"It was a nice opportunity to not have to front all of that money in the wintertime when you have to be tight," he says.
Sam Giffin is the market manager and volunteer coordinator for FRESHFARM Markets, a nonprofit that runs 13 D.C.-area farmers markets with its network of more than 150 farmers and producers.
Earlier in the year, Kiva Zip approached FRESHFARM about forming a partnership where FRESHFARM recommends and endorses responsible and innovative candidates, ideal for the Kiva Zip microfinance loans.
"We know dozens and dozens of small farmers who really have great ideas and don't have the money to put them into action," Giffin says. "Farmers don't want to be more in debt than they have to be."
Kiva Zip is a part of Kiva.org, a nonprofit organization that connects millions of lenders with microfinance opportunities in countries where traditional banking systems are not an option. Similar to Kiva Zip, those who receive loans through Kiva pay lenders back with zero interest, and lenders can choose to invest in agriculture, shelter, green ventures, conflict zones and other global categories.
So far, FRESHFARM has endorsed six local farmers and producers for Kiva Zip loans ranging from $2,500 to $10,000. The organization hopes to get that number up to 20 loans.
Mary Ellen Taylor, of Endless Summer Harvest, is another loan recipient Giffin and his coworkers at FRESHFARM Markets endorsed for Kiva Zip. Taylor grows hydroponic lettuce and microgreens at her farm in Purcellville, Virginia, and sells her produce at several area markets.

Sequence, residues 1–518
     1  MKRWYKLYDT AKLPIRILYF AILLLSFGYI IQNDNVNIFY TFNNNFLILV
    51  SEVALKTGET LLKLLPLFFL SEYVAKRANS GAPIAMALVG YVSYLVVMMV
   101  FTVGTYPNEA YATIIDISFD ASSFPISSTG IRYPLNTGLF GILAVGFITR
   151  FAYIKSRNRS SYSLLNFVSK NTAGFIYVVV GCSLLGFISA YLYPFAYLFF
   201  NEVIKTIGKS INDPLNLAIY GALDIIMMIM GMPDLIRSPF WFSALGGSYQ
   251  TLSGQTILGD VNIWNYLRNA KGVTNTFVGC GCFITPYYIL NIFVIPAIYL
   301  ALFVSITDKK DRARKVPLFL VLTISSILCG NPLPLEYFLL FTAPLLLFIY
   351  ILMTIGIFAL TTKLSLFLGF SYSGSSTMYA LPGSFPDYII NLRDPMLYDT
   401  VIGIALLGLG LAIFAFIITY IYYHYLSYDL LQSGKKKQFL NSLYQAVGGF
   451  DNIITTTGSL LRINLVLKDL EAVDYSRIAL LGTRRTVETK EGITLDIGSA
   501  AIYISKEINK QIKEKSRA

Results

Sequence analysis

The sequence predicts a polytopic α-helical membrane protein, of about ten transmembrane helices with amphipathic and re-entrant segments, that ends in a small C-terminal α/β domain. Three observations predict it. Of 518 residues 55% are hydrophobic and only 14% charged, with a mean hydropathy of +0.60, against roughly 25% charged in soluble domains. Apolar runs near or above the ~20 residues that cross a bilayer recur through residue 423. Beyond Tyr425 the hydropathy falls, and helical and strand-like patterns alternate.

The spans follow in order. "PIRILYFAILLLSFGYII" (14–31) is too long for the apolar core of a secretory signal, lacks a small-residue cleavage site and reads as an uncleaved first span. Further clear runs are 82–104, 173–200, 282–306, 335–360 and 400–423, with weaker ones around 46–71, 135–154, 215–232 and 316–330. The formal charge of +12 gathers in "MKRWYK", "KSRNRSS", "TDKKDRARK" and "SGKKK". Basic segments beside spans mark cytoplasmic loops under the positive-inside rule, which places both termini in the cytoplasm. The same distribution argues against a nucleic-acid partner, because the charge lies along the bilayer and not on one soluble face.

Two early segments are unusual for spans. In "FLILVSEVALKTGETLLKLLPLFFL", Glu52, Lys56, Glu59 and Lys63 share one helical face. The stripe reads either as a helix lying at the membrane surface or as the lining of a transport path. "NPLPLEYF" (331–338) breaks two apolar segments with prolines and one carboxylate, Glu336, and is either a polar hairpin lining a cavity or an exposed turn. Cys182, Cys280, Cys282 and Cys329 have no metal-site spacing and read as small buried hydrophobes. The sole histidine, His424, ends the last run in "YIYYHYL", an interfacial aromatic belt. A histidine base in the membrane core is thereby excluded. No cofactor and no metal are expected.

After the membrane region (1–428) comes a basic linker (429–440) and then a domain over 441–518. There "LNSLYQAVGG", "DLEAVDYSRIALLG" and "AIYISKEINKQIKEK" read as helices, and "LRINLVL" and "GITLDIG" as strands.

When she couldn't keep up with the growing demand for her microgreens, she decided the Kiva Zip crowd-sourced loan program would be a good way for her to expand her business.
She launched her Kiva Zip campaign to purchase a second microgreen machine and to give one of her employees more hours.
"I can get the system up and running and get revenue from it before I need to begin to pay, so it is just everything a farmer needs," says Taylor, who with the help of 85 lenders raised $5,000 in 14 days.
Microgreens are the first two leaves of any vegetable seed. They are commonly used by chefs to add a pop of color, and a pop of flavor, to dishes. But now the public is catching on to microgreens -- mostly for their health benefits.
"Nutritional science is now proving that [microgreens] have all of the nutrients and the flavor of the final mature plant," Taylor says. "So for instance, in an ounce of kale [microgreens], you get the equivalent of six cups of kale."
In addition to kale microgreens, Taylor grows lemon basil, onion and arugula microgreens. Using seeds planted on burlap, and an ebb-and-flow water system, the seeds sprout in four to six days. Taylor then harvests the greens gently with scissors.
Even with her new machine, Taylor anticipates the demand will continue to grow beyond what she is able to produce.
"I will sell out of these very quickly," she says. "This microgreen system will increase my revenue dramatically. It makes me feel good also because it's a loan. I'm going to give this back to all of these people who lent it to me through Kiva."
Maryland farmer Dove echoes the same sentiment.
"It's a very positive thing. People want to invest in something they believe in and that they're passionate about," he says. "And people are passionate about local food."